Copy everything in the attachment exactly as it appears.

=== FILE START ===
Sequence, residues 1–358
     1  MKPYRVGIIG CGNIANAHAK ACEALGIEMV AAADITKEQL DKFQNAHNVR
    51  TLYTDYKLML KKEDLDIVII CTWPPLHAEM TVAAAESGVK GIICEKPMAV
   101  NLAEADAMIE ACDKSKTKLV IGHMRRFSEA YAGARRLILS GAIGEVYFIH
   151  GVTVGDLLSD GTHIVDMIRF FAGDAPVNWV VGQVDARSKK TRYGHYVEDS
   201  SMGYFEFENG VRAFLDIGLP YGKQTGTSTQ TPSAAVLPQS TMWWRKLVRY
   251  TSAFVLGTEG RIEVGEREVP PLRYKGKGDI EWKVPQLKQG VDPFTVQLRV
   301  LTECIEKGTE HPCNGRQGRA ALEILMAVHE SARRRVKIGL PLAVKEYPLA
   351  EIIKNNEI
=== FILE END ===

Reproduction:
Sequence, residues 1–358
     1  MKPYRVGIIG CGNIANAHAK ACEALGIEMV AAADITKEQL DKFQNAHNVR
    51  TLYTDYKLML KKEDLDIVII CTWPPLHAEM TVAAAESGVK GIICEKPMAV
   101  NLAEADAMIE ACDKSKTKLV IGHMRRFSEA YAGARRLILS GAIGEVYFIH
   151  GVTVGDLLSD GTHIVDMIRF FAGDAPVNWV VGQVDARSKK TRYGHYVEDS
   201  SMGYFEFENG VRAFLDIGLP YGKQTGTSTQ TPSAAVLPQS TMWWRKLVRY
   251  TSAFVLGTEG RIEVGEREVP PLRYKGKGDI EWKVPQLKQG VDPFTVQLRV
   301  LTECIEKGTE HPCNGRQGRA ALEILMAVHE SARRRVKIGL PLAVKEYPLA
   351  EIIKNNEI